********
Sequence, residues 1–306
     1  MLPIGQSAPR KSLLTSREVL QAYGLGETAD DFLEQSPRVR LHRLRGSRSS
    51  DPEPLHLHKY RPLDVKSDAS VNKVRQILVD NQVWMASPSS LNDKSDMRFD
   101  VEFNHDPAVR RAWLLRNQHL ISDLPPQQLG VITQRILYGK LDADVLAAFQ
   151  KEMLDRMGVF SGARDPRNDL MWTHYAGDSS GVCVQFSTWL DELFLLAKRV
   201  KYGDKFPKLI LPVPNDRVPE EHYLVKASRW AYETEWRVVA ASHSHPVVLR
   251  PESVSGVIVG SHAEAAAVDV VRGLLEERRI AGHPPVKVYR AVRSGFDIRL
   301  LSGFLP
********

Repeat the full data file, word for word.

Sequence, residues 1–306
     1  MLPIGQSAPR KSLLTSREVL QAYGLGETAD DFLEQSPRVR LHRLRGSRSS
    51  DPEPLHLHKY RPLDVKSDAS VNKVRQILVD NQVWMASPSS LNDKSDMRFD
   101  VEFNHDPAVR RAWLLRNQHL ISDLPPQQLG VITQRILYGK LDADVLAAFQ
   151  KEMLDRMGVF SGARDPRNDL MWTHYAGDSS GVCVQFSTWL DELFLLAKRV
   201  KYGDKFPKLI LPVPNDRVPE EHYLVKASRW AYETEWRVVA ASHSHPVVLR
   251  PESVSGVIVG SHAEAAAVDV VRGLLEERRI AGHPPVKVYR AVRSGFDIRL
   301  LSGFLP